Living in the S.F. Bay area, I’m pretty sure that one could not survive on the pay of a limo driver alone. The company that I work for has two ways of paying the drivers. The first is “charter” pay and the other is “transfer” pay. I’ll explain the difference between the two to help you better understand how things work.
First, let’s take charter pay. A charter is when a client orders a car for a specific time frame. They can have several stops along the way and are renting the car and driver by the hour. An example or two would be someone that wants to take their significant other out to dinner and a play, not worry about parking or how much they have had to drink. They would order the car, have the driver pick them up at the specified time, take them to the first location, wait for them, take them to location two, wait again and repeat as necessary until they are taken to the final destination. Another example would be a realtor that wants to show out of town clients multiple homes on the same day. They may rent the limo to hold the entire family and have the driver go from open house to open house with the family viewing each home upon their arrival. The realtor is able to sit in the back with the clients and review features of the neighborhoods and other homes as they are being driven from site to site.
The next is transfer pay. A transfer is moving from one place to another and being dropped off. The most common is to or from an airport to either home or a hotel. It has a fixed start place and ending place and there usually aren’t stops in between.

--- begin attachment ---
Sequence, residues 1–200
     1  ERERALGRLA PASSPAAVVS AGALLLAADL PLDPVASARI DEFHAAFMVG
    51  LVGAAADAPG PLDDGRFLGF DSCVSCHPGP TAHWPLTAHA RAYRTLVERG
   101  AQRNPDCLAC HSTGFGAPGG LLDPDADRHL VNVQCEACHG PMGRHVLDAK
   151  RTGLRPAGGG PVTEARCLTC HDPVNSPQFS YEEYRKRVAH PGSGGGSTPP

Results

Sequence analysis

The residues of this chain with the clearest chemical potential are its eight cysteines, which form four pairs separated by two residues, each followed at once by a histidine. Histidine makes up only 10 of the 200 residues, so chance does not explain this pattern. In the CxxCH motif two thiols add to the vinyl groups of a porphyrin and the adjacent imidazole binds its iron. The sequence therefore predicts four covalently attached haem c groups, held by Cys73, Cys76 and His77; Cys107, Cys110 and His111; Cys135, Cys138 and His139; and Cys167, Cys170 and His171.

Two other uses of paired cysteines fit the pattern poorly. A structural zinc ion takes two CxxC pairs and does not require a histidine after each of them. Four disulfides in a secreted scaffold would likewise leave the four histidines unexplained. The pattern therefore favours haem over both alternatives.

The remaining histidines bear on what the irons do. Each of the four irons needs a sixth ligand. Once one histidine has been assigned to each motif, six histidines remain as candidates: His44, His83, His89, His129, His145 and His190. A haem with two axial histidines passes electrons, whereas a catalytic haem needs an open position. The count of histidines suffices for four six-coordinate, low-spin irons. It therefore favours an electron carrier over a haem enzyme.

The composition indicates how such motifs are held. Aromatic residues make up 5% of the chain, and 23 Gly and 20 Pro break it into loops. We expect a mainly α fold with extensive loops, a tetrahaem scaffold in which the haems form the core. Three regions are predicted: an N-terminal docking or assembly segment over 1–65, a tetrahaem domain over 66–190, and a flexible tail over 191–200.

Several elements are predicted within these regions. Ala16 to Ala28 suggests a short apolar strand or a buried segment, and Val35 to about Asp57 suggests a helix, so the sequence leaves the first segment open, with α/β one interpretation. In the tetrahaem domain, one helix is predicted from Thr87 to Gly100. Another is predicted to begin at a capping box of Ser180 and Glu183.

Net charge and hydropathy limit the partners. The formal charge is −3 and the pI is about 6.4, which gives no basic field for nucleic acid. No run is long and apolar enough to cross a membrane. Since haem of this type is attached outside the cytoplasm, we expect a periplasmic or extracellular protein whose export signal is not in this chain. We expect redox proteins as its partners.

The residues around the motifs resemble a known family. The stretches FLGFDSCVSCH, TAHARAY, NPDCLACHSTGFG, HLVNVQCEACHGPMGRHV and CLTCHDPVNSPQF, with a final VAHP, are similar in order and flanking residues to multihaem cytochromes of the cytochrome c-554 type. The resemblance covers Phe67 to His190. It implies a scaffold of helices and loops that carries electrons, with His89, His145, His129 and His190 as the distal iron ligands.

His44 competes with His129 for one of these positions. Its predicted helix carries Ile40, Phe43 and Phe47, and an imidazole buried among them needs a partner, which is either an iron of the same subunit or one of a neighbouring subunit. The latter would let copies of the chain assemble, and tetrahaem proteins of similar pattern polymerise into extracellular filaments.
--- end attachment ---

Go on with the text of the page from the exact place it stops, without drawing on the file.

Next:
If there are stops on a transfer, there is an extra $20 charge per stop. Your driver will most likely let you know that if you are going to make multiple stops, you should convert to a charter to save yourself some money. In our company, a transfer from the east bay to SFO is $119. The charter rate for a towncar is $165 for three hours. Since most east bay cities can be reached within an hour, if the client wants multiple stops ($119 + $20 + $20), it’s probably going to be better for them to keep the car for up to three hours for the flat $165 than to keep having additional $20 stops.
The prices quoted for the cars here is the base rate. On top of that, my company charges a 9.7% surcharge that according to their website, includes tolls, parking and looping fees as well, I’m sure, as a fuel surcharge. Additionally, a gratuity for the driver should be added to each ride.
If as a driver, you are working a charter, you are paid an hourly wage. My company starts drivers out at $8 per hour when in training and moves them to $9 an hour when they are on their own. Yes, that is not a misprint. $9 per hour. In and Out burger pays $9.71 per hour to their staff to flip burgers and fill milkshakes. Tips are appreciated and necessary in order to keep your driver from the poverty roles.
Transfers are paid per ride. A transfer to or from SFO to the east bay pays $21.50. OAK to the east bay pays $17.50. Outwardly, that appears to be the better pay for the drivers, but as a driver, we are only paid when the client is in the car. The wait time between rides or for delayed airplanes are not paid.